So there you have it. The VLOG goes into way more detail, including listing some of the easier, more synergistic languages to learn instead of the ‘Java jump’. Also, and I hate to do this but <Shameless Self Promotion>, we offer courses that take advantage of both coding experience AND teaching experience every step of the way. Check it out (links at the bottom).
The thing to remember is you’re not stupid, sometimes you just need to take it easy on yourself, give yourself a break, and be patient. Enjoy more sweet scenery of MTL at the end of this VLOG… Ye gods! Just look at all that green in the background. -Enjoy!
There is no better teacher of software development than the long term experience of building and refining a commercial app used by countless users.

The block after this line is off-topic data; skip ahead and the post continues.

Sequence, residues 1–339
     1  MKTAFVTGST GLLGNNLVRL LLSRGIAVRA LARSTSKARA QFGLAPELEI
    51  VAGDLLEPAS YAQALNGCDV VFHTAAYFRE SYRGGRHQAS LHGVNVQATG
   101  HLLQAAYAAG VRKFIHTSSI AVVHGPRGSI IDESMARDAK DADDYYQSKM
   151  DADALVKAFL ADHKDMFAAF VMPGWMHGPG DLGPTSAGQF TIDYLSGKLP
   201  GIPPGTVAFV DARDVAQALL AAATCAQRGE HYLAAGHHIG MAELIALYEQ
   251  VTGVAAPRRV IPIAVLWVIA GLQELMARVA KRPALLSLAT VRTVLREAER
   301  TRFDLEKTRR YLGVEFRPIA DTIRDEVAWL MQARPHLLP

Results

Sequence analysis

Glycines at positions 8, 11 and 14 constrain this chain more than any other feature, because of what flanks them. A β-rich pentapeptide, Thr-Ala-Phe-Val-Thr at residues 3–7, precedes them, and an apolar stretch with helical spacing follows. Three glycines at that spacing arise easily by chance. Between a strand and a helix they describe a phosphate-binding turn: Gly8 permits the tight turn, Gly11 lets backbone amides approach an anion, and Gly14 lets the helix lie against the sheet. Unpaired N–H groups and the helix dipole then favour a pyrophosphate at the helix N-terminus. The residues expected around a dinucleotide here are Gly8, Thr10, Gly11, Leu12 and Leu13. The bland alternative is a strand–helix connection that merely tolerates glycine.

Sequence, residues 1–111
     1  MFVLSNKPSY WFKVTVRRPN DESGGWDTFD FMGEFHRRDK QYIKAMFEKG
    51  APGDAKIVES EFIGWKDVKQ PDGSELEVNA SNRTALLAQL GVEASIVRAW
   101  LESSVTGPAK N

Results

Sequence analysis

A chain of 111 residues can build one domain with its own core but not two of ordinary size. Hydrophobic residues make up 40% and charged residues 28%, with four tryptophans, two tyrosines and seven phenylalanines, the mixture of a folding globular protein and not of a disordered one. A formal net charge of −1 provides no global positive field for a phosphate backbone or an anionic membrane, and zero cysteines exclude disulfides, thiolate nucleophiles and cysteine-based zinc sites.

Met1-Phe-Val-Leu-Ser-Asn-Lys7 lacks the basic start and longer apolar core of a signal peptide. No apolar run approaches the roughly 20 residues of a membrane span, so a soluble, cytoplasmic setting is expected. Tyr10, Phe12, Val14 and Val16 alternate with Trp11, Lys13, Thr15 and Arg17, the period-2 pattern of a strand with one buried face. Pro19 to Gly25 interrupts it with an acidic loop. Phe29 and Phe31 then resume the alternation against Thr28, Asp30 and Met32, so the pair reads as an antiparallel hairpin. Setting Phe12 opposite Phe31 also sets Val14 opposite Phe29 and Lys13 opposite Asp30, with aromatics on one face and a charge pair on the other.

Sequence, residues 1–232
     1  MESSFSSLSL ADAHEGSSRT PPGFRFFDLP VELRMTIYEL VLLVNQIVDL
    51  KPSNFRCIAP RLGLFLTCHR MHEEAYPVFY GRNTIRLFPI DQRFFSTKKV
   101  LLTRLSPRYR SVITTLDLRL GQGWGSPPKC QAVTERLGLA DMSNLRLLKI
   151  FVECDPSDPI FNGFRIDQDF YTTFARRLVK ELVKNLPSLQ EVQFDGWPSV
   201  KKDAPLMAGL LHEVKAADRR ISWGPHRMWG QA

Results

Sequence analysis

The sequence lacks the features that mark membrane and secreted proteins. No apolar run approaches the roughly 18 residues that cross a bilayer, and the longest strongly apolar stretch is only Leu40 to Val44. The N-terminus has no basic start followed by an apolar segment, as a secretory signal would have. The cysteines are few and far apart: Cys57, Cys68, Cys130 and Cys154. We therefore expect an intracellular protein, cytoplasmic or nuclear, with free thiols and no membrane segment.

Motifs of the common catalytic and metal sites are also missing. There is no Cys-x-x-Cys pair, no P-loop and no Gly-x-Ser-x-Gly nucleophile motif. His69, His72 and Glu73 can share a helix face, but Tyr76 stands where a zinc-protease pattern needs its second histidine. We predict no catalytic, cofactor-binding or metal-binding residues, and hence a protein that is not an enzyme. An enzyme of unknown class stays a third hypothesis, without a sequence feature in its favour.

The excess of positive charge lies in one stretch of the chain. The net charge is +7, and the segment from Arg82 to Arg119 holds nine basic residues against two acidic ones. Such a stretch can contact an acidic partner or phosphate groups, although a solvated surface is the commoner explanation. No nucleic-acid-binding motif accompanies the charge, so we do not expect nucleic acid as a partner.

As we get older we have friends who get married and have children. Sometimes while hanging out, maybe while having drinks or dinner, you might ask them how parenthood is going or (heavens forbid), you let it slip that you can’t wait to have children yourself, that it would be ‘fun’… Then you get to watch their brows furrow and the mood get very somber (did the lights suddenly dim in here? Did it get colder?!), and with a gaze that seems to penetrate your very soul they say in a foreboding voice, ‘YOU.HAVE.NO.IDEA.’. That somehow the scope and challenge of raising children is completely out your experience and in the abstract and ethereal, and one can never hope to grasp it until they are waist deep in it… Wow, that got ranty real fast…